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Technological innovations have been throwing people out of jobs for centuries. But they eventually created more work, and greater wealth, than they destroyed. Ford, the author and software engineer, thinks there is reason to believe that this time will be different. He sees virtually no end to the inroads of computers into the workplace. Eventually, he says, software will threaten the livelihoods of doctors, lawyers and other highly skilled professionals.

Many economists are encouraged by history and think the gains eventually will outweigh the losses. But even they have doubts.

“What’s different this time is that digital technologies show up in every corner of the economy,” says McAfee, a self-described “digital optimist.” `’Your tablet (computer) is just two or three years old, and it’s already taken over our lives.”

Peter Lindert, an economist at the University of California, Davis, says the computer is more destructive than innovations in the Industrial Revolution because the pace at which it is upending industries makes it hard for people to adapt.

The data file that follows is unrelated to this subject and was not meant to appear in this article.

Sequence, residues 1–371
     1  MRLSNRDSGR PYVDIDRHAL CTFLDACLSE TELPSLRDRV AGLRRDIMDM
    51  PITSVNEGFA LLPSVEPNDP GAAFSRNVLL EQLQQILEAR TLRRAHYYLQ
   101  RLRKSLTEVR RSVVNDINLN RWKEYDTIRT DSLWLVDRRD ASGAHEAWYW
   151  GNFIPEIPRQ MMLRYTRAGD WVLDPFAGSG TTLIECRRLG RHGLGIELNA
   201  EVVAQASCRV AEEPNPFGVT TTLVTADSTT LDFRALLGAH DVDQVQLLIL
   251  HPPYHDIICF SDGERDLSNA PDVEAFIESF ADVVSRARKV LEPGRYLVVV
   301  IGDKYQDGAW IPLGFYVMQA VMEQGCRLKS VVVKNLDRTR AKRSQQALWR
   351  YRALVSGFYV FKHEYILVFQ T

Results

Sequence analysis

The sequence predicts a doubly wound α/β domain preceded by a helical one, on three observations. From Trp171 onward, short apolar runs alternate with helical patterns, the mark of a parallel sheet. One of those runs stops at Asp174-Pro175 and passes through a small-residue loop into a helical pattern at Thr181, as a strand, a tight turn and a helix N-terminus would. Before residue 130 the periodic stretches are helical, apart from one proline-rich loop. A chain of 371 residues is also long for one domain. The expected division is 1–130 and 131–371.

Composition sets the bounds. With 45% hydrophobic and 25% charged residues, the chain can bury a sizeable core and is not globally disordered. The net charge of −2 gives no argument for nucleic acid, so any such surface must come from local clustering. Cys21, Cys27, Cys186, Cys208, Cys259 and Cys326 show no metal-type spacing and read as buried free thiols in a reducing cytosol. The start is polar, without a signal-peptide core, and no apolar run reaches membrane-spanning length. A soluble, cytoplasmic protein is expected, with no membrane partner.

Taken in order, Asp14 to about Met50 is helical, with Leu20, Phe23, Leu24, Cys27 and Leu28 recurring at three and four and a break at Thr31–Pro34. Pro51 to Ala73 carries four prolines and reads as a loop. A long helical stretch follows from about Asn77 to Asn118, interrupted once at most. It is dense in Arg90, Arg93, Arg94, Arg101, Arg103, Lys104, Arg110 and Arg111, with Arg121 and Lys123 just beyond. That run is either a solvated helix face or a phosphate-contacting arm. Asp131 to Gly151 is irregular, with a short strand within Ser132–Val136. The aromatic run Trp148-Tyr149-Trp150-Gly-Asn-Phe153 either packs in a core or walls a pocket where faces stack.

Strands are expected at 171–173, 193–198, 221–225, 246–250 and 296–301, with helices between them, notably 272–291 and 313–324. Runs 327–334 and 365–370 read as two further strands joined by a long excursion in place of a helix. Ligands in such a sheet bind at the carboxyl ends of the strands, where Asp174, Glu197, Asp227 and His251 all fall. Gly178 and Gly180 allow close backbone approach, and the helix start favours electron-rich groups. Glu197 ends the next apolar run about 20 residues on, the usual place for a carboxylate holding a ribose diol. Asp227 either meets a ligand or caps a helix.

Occupations that provided middle-class lifestyles for generations can disappear in a few years. Utility meter readers are just one example. As power companies began installing so-called smart readers outside homes, the number of meter readers in the U.S. plunged from 56,000 in 2001 to 36,000 in 2010, according to the Labor Department.

In 10 years? That number is expected to be zero.

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NEXT: Practically human: Can smart machines do your job?

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AP researcher Judith Ausuebel contributed to this story from New York. Paul Wiseman reported from Washington. You can reach the writers on Twitter at http://www.twitter.com/BernardFCondon and http://www.twitter.com/PaulWisemanAP. Join in a Twitter chat about this story on Thursday, Jan. 24, at noon E.S.T. using the hashtag (hash)TheGreatReset.

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Online:

http://www.youtube.com/watch?vs0WdCa-o3cI